Few single latency-reversing agents (LRAs) have been tested in vivo, and only some of them have demonstrated an effect, albeit weak, on the decrease of latent reservoir. Therefore, other LRAs and combinations of LRAs need to be assessed. Here, we evaluated the potential of combined treatments of therapeutically promising LRAs, disulfiram and romidepsin.
We assessed the reactivation potential of individual disulfiram or simultaneous or sequential combined treatments with romidepsin in vitro in latently infected cell lines of T-lymphoid and myeloid origins and in ex vivo cultures of CD8+-depleted peripheral blood mononuclear cells isolated from 18 HIV-1+ combination antiretroviral therapy–treated individuals.
We demonstrated heterogeneous reactivation effects of disulfiram in vitro in various cell lines of myeloid origin and no latency reversal neither in vitro in T-lymphoid cells nor ex vivo, even if doses corresponding to maximal plasmatic concentration or higher were tested. Disulfiram+romidepsin combined treatments produced distinct reactivation patterns in vitro. Ex vivo, the combined treatments showed a modest reactivation effect when used simultaneously as opposed to no viral reactivation for the corresponding sequential treatment.
Exclusive reactivation effects of disulfiram in myeloid latency cell lines suggest that disulfiram could be a potential LRA for this neglected reservoir. Moreover, distinct reactivation profiles pinpoint heterogeneity of the latent reservoir and confirm that the mechanisms that contribute to HIV latency are diverse. Importantly, disulfiram+romidepsin treatments are not potent ex vivo and most likely do not represent an effective drug combination to achieve high levels of latency reversal in vivo.
aService of Molecular Virology, Département de Biologie Moléculaire (DBM), Université Libre de Bruxelles (ULB), Gosselies, Belgium;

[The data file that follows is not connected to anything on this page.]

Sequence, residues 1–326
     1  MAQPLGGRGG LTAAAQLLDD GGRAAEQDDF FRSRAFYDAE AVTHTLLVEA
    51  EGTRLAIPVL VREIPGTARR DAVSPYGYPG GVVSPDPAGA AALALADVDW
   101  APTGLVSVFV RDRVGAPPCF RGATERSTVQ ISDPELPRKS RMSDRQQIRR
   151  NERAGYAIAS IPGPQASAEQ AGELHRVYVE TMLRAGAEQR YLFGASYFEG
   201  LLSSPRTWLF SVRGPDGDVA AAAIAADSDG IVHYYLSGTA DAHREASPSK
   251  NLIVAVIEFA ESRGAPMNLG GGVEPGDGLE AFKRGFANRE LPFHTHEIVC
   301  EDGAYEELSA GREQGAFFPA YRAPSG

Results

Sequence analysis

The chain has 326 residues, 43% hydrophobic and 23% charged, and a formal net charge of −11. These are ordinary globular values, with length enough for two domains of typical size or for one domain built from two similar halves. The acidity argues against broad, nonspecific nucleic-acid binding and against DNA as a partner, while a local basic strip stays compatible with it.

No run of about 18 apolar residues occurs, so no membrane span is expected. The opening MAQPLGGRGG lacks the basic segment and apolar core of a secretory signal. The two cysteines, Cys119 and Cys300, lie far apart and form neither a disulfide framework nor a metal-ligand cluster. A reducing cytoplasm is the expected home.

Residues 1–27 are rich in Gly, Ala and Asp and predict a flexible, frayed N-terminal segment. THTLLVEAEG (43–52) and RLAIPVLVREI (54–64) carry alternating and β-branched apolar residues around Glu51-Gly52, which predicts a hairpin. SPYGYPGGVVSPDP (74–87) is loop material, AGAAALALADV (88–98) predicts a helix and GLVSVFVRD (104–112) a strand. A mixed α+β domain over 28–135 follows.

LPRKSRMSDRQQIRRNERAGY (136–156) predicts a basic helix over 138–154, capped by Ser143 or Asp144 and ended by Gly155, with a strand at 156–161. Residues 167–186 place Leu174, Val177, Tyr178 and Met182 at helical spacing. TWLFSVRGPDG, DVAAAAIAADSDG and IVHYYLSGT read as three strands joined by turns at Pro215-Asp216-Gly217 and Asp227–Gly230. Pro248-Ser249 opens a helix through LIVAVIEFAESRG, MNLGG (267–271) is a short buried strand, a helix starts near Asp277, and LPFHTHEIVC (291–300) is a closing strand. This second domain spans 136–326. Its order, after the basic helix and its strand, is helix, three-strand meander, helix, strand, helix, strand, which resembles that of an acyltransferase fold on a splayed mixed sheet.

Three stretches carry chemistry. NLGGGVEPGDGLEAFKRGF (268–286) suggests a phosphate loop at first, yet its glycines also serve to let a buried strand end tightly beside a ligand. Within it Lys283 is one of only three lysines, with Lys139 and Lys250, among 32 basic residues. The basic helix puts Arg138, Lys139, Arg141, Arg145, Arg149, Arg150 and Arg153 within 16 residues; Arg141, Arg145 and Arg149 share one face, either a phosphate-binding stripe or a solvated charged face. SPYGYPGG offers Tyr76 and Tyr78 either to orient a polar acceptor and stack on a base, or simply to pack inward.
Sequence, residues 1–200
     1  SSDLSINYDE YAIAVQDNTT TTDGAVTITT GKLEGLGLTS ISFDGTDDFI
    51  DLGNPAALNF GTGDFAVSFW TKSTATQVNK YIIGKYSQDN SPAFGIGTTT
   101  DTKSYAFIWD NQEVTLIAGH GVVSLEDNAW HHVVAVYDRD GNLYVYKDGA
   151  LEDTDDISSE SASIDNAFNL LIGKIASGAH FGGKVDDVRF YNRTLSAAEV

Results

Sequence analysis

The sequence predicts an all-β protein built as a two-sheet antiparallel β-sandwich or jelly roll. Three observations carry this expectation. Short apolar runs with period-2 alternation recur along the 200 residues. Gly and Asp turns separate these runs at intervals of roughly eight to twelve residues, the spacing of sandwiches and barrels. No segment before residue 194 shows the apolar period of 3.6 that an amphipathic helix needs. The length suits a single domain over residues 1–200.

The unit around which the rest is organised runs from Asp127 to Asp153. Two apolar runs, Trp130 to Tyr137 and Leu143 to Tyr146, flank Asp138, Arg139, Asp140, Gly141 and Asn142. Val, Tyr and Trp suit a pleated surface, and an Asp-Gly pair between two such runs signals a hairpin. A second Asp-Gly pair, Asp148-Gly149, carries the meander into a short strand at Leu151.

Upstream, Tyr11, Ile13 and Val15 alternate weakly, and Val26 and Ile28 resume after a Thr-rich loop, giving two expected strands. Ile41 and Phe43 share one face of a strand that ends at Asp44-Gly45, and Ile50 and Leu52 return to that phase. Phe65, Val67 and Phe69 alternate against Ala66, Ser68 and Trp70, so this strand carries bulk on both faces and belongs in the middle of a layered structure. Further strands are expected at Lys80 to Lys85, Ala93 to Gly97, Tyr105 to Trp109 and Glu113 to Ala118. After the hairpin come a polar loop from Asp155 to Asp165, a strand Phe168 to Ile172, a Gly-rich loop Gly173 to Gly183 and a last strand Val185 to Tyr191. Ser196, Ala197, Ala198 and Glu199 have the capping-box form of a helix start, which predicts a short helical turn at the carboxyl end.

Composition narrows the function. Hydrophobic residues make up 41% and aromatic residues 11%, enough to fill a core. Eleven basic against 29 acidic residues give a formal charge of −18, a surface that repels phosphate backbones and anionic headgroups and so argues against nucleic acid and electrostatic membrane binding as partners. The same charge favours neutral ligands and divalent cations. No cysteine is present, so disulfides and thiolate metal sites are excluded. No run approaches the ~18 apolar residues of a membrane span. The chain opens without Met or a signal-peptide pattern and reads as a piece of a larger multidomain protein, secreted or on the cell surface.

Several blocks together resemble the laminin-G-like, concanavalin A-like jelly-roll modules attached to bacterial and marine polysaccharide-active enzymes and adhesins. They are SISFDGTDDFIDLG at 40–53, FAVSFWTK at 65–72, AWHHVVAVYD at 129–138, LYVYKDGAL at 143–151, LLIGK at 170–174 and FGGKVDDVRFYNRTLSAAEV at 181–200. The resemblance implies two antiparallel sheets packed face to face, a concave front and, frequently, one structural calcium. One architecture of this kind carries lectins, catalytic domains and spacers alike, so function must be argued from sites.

bMalopolska Centre of Biotechnology, Laboratory of Virology, Jagiellonian University, Krakow, Poland;
cAcademic Medical Center of the University of Amsterdam, Amsterdam, The Netherlands;
dInfectious Diseases Department, Liege University Hospital, Liege, Belgium;
eService de Virologie, Université Paris-Descartes, AP-HP, Hopital Necker-Enfants Malades, Paris, France;
fUniversité Paris Descartes, Sorbonne Paris Cité, Paris, France;
gLaboratory of Immunology, Brugmann University Hospital, Université Libre de Bruxelles (ULB), Bruxelles, Belgium;
hService des Maladies Infectieuses, CHU St-Pierre, ULB, Bruxelles, Belgium;
iUniversité de Strasbourg, laboratoire DHPI EA7292, Schiltigheim, France; and
jIUT Louis Pasteur, Université de Strasbourg, Schiltigheim, France.
Correspondence to: Carine Van Lint, Service of Molecular Virology, Département de Biologie Moléculaire (DBM), Université Libre de Bruxelles (ULB), Rue des Professeurs Jeener et Brachet 12, 6041 Gosselies, Belgium (e-mail: email@example.com).
Supported by the European Union's Horizon 2020 research and innovation programme under grant agreement No 691119-EU4HIVCURE-H2020-MSCA-RISE-2015 to C.V.L. and under the National Science Centre (Poland) and Marie Skłodowska-Curie grant agreement no. 665778, Polonez Grant UMO-2015/19/P/NZ6/02188 to A.K. Work in C.V.L.'s laboratory was supported from the Belgian Fund for Scientific Research (FRS-FNRS, Belgium), the “Fondation Roi Baudouin”, the NEAT program (Networking to Enhance the Use of Economics in Animal Health Education, Research, and Policy Making), the Walloon Region (Fonds de Maturation), “Les Amis des Instituts Pasteur à Bruxelles, asbl, and the University of Brussels (Action de Recherche Concertée (ARC) grant). The laboratory of C.V.L. is part of the ULB-Cancer Research Centre (U-CRC). A.K. is a postdoctoral fellow of ”Les Amis des Instituts Pasteur à Bruxelles, asbl. C.V.L. is “Directeur de Recherches” of the FRS-FNRS (Belgium), respectively.
The authors declare no competing financial interests.
The authors S.B. and G.D. have equally contributed to the article.
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Received June 28, 2018
Accepted December 03, 2018